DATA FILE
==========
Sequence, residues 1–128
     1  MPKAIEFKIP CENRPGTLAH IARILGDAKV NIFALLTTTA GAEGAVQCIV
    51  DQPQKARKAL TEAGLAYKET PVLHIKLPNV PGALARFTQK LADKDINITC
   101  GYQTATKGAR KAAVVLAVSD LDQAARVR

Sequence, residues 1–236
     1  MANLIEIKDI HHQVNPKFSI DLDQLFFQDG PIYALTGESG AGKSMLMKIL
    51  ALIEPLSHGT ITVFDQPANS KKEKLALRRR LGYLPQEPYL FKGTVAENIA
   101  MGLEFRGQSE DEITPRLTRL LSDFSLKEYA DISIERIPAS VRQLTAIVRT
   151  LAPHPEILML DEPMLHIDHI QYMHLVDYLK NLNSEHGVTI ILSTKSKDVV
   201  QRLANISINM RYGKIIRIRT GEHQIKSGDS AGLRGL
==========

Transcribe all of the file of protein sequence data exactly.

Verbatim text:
Sequence, residues 1–128
     1  MPKAIEFKIP CENRPGTLAH IARILGDAKV NIFALLTTTA GAEGAVQCIV
    51  DQPQKARKAL TEAGLAYKET PVLHIKLPNV PGALARFTQK LADKDINITC
   101  GYQTATKGAR KAAVVLAVSD LDQAARVR

Sequence, residues 1–236
     1  MANLIEIKDI HHQVNPKFSI DLDQLFFQDG PIYALTGESG AGKSMLMKIL
    51  ALIEPLSHGT ITVFDQPANS KKEKLALRRR LGYLPQEPYL FKGTVAENIA
   101  MGLEFRGQSE DEITPRLTRL LSDFSLKEYA DISIERIPAS VRQLTAIVRT
   151  LAPHPEILML DEPMLHIDHI QYMHLVDYLK NLNSEHGVTI ILSTKSKDVV
   201  QRLANISINM RYGKIIRIRT GEHQIKSGDS AGLRGL